Levi is an infrastructure engineer who works at SmithRx creating HIPAA compliant infrastructure and software for the prescription benefits management industry. Levi believes that scaleable, fault tolerant, secure database systems must be built with integrity and scrutiny during all phases of the development life cycle while maintaining a personal mission to never build software that loses or leaks patient's data. He has been building automated systems for over 10 years and working with MySQL and PostgreSQL database management systems for the past 18 years. Previous to SmithRx software that Levi has written can be found at companies such as: Facebook, Cisco, Oracle, JPL-NASA, and other small start-ups in The Bay area. Levi is an avid Burning Man patron where he has lead a loud sound theme camp of over 100 people for the past 11 years while building his own custom large sound system totaling over 20,000 Watts.
With the advent of the Health Insurance Portability and Accountability Act (HIPAA) of 1996 all entities that handle health information are required by law to secure all data which contains personally identifiable information (PII) and private health information (PHI). Fines for leaking this data can range from $100 to $50,000 per leaked record. A data breach or leak is extremely costly for both the patients as well as the companies that are entrusted with their PHI. In our presentation, we introduce Gonymizer, a tool that is written in Go at SmithRx to handle the anonymization of PHI and PII data from our production database instances.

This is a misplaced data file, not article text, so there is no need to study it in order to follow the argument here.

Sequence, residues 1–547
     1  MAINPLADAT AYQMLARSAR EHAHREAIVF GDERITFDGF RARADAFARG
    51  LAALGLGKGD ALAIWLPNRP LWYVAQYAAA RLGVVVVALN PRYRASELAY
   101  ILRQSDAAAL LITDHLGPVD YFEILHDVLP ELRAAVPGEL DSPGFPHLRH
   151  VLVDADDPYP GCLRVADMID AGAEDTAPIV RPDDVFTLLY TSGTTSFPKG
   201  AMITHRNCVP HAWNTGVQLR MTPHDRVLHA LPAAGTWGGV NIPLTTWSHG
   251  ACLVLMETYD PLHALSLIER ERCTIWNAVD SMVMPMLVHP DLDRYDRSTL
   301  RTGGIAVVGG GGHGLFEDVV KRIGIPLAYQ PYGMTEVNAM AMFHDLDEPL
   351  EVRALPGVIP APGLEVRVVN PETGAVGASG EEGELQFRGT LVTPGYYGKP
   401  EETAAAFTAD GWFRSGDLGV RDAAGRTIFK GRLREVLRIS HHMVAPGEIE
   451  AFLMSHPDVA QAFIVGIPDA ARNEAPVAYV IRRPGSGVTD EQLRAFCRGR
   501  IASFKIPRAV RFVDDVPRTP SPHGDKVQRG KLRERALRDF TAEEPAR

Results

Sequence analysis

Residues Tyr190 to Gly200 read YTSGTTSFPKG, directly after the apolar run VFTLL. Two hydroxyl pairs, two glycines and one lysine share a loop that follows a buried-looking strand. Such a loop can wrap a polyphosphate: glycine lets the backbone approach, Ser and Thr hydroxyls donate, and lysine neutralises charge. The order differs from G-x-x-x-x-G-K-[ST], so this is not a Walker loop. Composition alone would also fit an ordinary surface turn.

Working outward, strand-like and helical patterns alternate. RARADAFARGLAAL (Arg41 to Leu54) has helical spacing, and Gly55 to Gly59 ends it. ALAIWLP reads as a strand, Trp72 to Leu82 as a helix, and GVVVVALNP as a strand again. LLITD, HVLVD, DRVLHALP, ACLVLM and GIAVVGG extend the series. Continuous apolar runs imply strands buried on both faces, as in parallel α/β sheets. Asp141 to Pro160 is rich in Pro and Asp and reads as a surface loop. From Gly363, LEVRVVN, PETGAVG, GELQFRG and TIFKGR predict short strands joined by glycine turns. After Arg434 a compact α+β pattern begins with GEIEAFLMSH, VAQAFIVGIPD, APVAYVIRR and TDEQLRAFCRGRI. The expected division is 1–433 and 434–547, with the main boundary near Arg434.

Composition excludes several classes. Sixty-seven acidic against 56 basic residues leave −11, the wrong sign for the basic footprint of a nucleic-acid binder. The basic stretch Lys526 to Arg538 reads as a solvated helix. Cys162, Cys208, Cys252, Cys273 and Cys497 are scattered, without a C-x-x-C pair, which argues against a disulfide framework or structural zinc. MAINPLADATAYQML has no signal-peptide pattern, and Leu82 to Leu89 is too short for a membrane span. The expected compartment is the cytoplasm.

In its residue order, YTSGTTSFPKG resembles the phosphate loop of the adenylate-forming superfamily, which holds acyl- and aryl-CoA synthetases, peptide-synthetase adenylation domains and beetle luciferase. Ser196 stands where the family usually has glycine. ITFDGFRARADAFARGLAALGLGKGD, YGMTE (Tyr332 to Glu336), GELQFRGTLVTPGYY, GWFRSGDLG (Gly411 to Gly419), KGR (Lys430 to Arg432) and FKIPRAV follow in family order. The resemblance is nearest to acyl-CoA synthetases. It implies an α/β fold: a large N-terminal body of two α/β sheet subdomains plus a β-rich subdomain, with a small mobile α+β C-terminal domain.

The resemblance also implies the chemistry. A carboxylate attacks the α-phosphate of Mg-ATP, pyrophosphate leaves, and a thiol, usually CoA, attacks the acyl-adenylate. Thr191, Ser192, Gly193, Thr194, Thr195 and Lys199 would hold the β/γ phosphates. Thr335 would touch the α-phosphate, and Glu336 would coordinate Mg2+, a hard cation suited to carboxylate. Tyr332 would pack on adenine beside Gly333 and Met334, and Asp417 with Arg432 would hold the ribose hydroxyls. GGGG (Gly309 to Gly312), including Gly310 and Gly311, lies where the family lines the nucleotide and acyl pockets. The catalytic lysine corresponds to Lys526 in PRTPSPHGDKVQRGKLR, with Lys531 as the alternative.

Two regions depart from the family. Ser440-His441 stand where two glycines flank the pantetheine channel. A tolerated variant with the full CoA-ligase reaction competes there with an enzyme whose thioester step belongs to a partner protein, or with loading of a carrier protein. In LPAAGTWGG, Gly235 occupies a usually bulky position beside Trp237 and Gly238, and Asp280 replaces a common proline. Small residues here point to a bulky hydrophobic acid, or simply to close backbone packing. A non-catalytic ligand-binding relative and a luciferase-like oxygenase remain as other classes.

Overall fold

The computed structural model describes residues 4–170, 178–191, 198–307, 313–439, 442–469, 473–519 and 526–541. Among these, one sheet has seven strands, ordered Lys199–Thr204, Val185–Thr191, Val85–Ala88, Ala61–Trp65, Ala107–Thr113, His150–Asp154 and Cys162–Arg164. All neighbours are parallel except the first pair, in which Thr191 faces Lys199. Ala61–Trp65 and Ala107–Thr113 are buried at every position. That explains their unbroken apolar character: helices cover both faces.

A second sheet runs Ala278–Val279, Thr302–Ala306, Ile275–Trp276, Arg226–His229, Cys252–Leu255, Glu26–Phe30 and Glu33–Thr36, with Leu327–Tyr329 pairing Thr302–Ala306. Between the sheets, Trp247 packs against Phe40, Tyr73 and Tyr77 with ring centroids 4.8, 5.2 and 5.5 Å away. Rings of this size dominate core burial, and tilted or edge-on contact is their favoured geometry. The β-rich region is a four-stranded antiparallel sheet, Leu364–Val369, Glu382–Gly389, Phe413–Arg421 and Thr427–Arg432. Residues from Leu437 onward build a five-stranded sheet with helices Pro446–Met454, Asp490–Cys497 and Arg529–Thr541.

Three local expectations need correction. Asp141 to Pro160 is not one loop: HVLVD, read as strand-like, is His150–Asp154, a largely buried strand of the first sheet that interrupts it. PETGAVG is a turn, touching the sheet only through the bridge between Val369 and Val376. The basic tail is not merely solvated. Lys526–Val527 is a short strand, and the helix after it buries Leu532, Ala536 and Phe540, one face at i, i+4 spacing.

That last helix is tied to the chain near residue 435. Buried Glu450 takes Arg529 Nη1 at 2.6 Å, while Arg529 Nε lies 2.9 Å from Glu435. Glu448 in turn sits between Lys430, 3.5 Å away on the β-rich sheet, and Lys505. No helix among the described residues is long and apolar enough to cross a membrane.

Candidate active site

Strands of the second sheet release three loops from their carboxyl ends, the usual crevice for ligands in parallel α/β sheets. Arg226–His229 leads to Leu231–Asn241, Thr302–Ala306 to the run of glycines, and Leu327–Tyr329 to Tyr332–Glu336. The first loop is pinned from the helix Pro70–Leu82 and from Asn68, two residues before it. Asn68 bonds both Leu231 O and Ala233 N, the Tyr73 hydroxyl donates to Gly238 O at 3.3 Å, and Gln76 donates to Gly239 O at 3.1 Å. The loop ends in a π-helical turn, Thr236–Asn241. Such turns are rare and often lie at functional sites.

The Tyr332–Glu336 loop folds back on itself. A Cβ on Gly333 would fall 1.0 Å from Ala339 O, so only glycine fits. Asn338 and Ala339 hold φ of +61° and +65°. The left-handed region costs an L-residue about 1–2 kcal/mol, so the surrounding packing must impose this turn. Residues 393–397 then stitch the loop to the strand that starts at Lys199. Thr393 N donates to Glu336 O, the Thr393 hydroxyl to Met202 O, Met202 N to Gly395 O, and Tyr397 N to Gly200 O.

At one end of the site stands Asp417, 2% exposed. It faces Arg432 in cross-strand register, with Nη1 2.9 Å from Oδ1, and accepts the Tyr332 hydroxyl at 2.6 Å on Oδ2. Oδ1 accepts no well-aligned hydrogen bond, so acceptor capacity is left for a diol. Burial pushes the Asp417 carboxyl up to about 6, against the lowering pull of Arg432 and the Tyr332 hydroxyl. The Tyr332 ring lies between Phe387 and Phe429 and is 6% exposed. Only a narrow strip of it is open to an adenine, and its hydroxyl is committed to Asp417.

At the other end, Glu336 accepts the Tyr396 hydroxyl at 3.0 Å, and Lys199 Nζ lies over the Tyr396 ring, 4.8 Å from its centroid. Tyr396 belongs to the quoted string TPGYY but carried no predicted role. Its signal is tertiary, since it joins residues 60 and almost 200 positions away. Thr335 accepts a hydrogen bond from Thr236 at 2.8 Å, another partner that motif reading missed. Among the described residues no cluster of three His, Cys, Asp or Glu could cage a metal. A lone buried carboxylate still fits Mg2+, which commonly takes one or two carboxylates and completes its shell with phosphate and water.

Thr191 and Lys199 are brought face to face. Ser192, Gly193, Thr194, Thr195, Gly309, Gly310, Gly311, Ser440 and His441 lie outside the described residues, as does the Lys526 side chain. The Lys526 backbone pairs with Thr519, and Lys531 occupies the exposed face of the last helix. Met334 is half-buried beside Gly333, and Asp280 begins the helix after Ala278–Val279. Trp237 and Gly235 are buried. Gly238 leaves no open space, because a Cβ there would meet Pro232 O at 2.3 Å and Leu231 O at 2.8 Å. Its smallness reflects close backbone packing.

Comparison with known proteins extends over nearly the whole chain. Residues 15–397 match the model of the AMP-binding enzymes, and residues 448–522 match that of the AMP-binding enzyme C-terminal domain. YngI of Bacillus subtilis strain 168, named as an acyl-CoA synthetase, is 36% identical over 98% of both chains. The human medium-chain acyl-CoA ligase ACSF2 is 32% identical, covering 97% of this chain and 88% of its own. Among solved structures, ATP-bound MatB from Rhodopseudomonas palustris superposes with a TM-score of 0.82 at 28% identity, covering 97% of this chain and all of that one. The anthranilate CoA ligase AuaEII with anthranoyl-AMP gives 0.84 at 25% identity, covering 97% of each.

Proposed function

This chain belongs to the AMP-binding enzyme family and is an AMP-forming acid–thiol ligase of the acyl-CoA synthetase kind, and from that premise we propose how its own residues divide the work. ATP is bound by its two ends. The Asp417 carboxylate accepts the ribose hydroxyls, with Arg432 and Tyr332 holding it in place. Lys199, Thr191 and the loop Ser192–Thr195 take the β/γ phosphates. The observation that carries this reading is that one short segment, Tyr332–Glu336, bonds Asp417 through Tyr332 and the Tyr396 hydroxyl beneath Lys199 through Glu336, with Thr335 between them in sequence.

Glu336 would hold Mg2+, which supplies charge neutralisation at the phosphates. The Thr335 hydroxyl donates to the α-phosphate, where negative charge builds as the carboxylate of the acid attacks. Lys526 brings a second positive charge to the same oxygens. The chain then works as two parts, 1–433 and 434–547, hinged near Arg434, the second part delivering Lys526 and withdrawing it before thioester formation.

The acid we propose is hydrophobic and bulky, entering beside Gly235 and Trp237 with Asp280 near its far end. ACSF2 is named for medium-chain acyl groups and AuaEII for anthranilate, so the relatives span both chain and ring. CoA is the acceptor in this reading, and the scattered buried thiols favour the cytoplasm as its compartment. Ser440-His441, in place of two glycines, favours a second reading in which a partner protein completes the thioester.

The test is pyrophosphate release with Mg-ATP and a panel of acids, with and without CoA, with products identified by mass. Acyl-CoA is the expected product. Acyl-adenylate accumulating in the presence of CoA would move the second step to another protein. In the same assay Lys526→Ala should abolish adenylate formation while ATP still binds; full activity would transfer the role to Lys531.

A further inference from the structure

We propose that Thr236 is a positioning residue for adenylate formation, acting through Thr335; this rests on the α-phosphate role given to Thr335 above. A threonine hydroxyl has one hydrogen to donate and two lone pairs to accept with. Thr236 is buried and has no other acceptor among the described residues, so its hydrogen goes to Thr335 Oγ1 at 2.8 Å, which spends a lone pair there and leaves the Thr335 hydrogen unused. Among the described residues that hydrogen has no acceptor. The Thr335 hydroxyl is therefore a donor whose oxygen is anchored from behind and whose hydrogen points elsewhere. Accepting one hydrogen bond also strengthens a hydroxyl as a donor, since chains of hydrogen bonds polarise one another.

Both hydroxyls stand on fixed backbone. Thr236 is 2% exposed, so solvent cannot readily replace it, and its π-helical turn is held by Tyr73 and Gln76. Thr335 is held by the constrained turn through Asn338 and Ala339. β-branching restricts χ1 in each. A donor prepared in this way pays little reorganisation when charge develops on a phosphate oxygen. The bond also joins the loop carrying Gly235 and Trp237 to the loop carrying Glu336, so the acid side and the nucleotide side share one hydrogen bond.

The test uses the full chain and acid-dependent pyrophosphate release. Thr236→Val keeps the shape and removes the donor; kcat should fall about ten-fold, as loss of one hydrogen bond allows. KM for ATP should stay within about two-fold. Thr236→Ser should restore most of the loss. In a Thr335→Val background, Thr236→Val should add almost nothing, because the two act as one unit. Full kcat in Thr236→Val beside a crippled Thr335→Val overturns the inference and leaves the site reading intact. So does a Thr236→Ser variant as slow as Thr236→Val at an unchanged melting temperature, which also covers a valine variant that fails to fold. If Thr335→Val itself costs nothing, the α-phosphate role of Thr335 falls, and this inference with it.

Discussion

This data is anonymized and loaded into non-production environments to allow us to use representative data to develop and test against. This makes anonymization of sensitive information quick and simple using a simple column map that is defined in a single JSON file for your dataset. There is a selection of custom processors that we have built to handle basic tasks, such as first and last name anonymization, changing data to fake locations such as street addresses, cities, zips, and states. The interface for building processors is also completely extendable and anyone with basic Go experience should be able to build processors that can anonymize your data efficiently. We will also show how this tool decreases our development time for new features as well as simplifying testing in a compliant environment with non-sensitive data sets (HIPAA, PCI, etc).
Toward the end of our presentation, we will be discussing how we built our infrastructure using Docker to containerize Gonymizer and schedule anonymization and loading of our test environments using Kubernetes. This talk is targeted for anyone working in the healthcare space where collected data contains PHI and/or PII and is regulated by HIPAA.